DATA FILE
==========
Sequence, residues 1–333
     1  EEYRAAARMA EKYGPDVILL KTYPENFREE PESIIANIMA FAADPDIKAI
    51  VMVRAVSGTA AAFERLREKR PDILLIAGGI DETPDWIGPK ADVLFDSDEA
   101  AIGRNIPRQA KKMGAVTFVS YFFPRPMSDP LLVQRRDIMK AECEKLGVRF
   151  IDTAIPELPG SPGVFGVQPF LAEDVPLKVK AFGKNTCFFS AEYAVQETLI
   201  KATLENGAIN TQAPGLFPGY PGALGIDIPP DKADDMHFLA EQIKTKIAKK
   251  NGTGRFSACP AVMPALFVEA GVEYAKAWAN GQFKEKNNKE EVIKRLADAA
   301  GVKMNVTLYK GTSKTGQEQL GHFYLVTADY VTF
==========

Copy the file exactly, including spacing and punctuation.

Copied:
Sequence, residues 1–333
     1  EEYRAAARMA EKYGPDVILL KTYPENFREE PESIIANIMA FAADPDIKAI
    51  VMVRAVSGTA AAFERLREKR PDILLIAGGI DETPDWIGPK ADVLFDSDEA
   101  AIGRNIPRQA KKMGAVTFVS YFFPRPMSDP LLVQRRDIMK AECEKLGVRF
   151  IDTAIPELPG SPGVFGVQPF LAEDVPLKVK AFGKNTCFFS AEYAVQETLI
   201  KATLENGAIN TQAPGLFPGY PGALGIDIPP DKADDMHFLA EQIKTKIAKK
   251  NGTGRFSACP AVMPALFVEA GVEYAKAWAN GQFKEKNNKE EVIKRLADAA
   301  GVKMNVTLYK GTSKTGQEQL GHFYLVTADY VTF